“We've also noticed that there's a ton of graduate certificate programs that (AEE members’) universities are offering, and those are of utmost interest to us because what it allows the student to do is professionally develop themselves, but also continue on with their full-time job and support their family at the same time … but gain a valuable skill set from that program,” Keener said.
Service members are typically assigned to USSPACECOM for 3-5 years and come from a variety of backgrounds. These varying backgrounds mean that personnel have different levels of education and understanding of the space domain and need diverse options to pursue further training and education.
During the symposium, Embry-Riddle Aeronautical University’s President, P. Barry Butler, shared what degrees, certifications, programs, and clubs the university offers to its students, including its worldwide online campus where he said 50 percent of the student population is active-duty military personnel.
The university has created certifications based on the needs of industry and its student population. Butler highlighted one certification the university created to ensure the aerospace industry’s electrical and mechanical engineers, who are designing avionics systems for new aircraft, have the knowledge to ensure the systems are “Federal Aviation Administration air worthy.”
“We put together, not a full program, but a certificate in air-worthiness engineering for people who already had engineering degrees, but needed to know all the hoops you have to jump through to get something air worthy,” Butler said.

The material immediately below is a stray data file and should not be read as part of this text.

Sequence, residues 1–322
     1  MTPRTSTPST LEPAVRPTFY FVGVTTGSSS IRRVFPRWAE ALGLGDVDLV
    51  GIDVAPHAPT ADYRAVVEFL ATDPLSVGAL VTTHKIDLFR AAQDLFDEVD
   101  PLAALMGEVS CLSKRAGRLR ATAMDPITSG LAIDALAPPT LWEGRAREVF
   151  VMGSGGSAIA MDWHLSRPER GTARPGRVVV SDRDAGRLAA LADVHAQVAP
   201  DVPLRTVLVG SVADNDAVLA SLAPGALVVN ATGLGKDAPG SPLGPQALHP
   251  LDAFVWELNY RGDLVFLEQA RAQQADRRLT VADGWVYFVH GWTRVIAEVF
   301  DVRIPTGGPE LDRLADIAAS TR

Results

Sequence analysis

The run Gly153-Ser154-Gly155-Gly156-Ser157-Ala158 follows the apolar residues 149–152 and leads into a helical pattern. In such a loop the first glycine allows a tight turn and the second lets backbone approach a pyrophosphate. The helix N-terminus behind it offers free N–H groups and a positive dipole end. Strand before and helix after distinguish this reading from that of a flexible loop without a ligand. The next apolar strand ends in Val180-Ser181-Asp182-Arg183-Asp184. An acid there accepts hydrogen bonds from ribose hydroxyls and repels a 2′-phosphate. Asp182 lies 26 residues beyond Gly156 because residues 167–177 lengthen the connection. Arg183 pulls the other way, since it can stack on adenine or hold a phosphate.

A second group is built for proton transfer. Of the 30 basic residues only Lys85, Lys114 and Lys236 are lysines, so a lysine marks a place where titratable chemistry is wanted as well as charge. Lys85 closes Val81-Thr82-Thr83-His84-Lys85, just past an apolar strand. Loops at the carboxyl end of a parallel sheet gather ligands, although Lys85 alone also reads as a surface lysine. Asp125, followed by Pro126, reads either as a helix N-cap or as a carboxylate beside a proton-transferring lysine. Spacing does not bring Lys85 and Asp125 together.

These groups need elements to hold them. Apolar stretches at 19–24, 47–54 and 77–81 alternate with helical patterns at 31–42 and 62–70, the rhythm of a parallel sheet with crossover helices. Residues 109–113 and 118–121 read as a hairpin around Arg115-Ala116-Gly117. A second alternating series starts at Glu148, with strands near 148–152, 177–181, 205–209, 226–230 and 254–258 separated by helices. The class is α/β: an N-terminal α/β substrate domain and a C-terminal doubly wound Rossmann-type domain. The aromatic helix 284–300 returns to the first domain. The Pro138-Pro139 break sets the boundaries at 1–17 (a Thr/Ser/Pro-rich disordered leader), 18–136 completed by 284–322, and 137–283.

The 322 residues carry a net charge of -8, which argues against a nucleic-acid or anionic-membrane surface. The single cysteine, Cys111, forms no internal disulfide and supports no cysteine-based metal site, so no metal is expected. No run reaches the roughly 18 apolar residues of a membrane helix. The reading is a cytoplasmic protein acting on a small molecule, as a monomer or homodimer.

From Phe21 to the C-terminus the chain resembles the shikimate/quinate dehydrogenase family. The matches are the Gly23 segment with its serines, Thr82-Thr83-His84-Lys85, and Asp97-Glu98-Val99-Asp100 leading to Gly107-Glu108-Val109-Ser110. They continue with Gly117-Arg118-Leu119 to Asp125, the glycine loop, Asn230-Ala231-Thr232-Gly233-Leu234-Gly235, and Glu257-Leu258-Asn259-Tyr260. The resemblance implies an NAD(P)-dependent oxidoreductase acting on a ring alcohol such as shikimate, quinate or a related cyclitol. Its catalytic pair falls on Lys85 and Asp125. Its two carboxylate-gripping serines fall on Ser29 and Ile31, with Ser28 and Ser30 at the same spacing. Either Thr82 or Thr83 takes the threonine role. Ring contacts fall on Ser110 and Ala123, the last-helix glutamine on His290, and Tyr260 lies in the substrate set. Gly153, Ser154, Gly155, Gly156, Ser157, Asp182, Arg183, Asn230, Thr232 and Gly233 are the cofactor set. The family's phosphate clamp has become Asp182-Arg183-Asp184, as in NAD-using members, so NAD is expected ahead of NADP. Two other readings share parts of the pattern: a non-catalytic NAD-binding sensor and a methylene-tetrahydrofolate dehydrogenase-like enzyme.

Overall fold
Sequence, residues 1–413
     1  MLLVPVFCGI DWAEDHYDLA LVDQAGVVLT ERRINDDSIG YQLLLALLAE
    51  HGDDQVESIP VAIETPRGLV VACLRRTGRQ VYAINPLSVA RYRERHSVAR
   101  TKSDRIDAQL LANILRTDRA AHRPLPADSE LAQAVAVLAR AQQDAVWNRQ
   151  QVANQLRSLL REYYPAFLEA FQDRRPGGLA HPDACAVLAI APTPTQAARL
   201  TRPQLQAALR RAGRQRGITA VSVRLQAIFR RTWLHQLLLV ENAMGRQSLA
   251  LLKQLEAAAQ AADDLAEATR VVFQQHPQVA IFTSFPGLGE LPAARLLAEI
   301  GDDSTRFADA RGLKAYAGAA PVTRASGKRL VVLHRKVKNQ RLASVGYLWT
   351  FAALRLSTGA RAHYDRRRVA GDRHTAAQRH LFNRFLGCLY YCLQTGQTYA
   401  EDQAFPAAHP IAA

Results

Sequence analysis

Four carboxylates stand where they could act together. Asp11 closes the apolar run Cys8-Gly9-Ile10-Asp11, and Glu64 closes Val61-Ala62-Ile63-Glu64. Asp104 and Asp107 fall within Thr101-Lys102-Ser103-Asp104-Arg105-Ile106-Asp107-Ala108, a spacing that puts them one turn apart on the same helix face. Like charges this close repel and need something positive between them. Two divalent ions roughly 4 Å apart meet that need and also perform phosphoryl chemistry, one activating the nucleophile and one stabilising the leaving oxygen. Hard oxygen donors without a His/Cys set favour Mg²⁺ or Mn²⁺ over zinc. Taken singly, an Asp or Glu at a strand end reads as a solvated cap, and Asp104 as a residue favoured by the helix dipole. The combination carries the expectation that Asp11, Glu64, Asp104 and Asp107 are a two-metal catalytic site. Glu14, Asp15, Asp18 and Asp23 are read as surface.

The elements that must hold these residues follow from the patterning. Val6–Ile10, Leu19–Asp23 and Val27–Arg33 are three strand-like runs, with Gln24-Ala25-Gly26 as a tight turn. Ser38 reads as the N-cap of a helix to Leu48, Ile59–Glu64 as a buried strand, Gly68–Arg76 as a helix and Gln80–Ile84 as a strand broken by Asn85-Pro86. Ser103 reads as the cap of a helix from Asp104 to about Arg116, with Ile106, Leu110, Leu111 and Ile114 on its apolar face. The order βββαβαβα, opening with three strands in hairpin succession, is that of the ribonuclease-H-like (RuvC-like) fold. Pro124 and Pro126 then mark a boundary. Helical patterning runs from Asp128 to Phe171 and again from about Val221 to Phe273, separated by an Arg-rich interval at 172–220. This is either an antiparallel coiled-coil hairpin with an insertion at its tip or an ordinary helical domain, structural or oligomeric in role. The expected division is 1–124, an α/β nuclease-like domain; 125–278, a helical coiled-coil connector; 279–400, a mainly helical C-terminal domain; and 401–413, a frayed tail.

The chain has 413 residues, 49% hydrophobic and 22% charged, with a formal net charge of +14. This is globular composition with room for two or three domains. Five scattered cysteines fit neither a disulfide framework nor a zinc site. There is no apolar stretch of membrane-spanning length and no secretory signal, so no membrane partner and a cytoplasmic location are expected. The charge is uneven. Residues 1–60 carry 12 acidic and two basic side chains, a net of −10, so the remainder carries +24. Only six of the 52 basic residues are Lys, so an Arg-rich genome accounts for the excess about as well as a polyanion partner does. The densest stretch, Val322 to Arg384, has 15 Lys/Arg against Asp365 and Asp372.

Embry-Riddle Aeronautics University and other AEE members’ programs, which provide a combination of short-term training programs and education programs, are valuable to USSPACECOM personnel looking to grow their career paths.
While AEE members bring a multitude of opportunities to USSPACECOM, the AEE program is a collaborative relationship that USSPACECOM is looking to continue to develop. The command has and will continue to provide guest speakers and panel participants for discussions on defense and research, providing both technical expertise while also raising awareness and educating students on opportunities in space-related fields, to include the Department of Defense.
While previous symposiums focused on building AEE members and partnerships, this symposium focused on current members and how to increase collaboration and coordination.
“Through the symposium, Embry-Riddle gained a better understanding of how we can continue to work with U.S. Space Command to solve research problems and to collaborate on training the next generation of civilian and military leaders in space-related careers,” said Dr. Rob Kelly, executive director, Embry-Riddle Aeronautical University.
USSPACECOM’s AEE program currently has 30 members, including its 10 new members added since April 2023: Kansas State University (Salina Aerospace and Technology Campus); Penn State; Idaho State University; University of Montana; Boise State University; National Security Policy Center at the University of Virginia; Naval Post Graduate School; Florida Institute of Technology; Colorado State University; and San Diego State University.